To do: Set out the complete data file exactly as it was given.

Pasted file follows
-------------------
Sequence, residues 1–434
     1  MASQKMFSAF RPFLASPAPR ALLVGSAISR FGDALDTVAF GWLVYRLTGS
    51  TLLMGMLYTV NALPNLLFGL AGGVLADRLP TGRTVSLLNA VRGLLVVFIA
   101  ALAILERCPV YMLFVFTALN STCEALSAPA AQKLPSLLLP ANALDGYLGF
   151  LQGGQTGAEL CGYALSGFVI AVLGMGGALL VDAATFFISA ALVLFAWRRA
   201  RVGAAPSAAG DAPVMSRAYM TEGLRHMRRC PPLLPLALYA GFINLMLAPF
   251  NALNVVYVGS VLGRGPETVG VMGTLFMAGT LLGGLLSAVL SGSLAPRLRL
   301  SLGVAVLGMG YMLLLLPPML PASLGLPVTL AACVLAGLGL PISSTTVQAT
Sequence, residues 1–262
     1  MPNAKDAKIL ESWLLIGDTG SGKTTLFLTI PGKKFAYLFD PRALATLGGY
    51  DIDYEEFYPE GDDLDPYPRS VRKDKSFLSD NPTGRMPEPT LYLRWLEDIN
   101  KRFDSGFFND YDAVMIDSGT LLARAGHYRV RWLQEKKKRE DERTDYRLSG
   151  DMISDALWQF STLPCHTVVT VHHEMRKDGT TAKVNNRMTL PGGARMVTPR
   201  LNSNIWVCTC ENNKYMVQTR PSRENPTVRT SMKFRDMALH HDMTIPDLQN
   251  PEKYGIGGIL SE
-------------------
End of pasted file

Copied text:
Sequence, residues 1–434
     1  MASQKMFSAF RPFLASPAPR ALLVGSAISR FGDALDTVAF GWLVYRLTGS
    51  TLLMGMLYTV NALPNLLFGL AGGVLADRLP TGRTVSLLNA VRGLLVVFIA
   101  ALAILERCPV YMLFVFTALN STCEALSAPA AQKLPSLLLP ANALDGYLGF
   151  LQGGQTGAEL CGYALSGFVI AVLGMGGALL VDAATFFISA ALVLFAWRRA
   201  RVGAAPSAAG DAPVMSRAYM TEGLRHMRRC PPLLPLALYA GFINLMLAPF
   251  NALNVVYVGS VLGRGPETVG VMGTLFMAGT LLGGLLSAVL SGSLAPRLRL
   301  SLGVAVLGMG YMLLLLPPML PASLGLPVTL AACVLAGLGL PISSTTVQAT
Sequence, residues 1–262
     1  MPNAKDAKIL ESWLLIGDTG SGKTTLFLTI PGKKFAYLFD PRALATLGGY
    51  DIDYEEFYPE GDDLDPYPRS VRKDKSFLSD NPTGRMPEPT LYLRWLEDIN
   101  KRFDSGFFND YDAVMIDSGT LLARAGHYRV RWLQEKKKRE DERTDYRLSG
   151  DMISDALWQF STLPCHTVVT VHHEMRKDGT TAKVNNRMTL PGGARMVTPR
   201  LNSNIWVCTC ENNKYMVQTR PSRENPTVRT SMKFRDMALH HDMTIPDLQN
   251  PEKYGIGGIL SE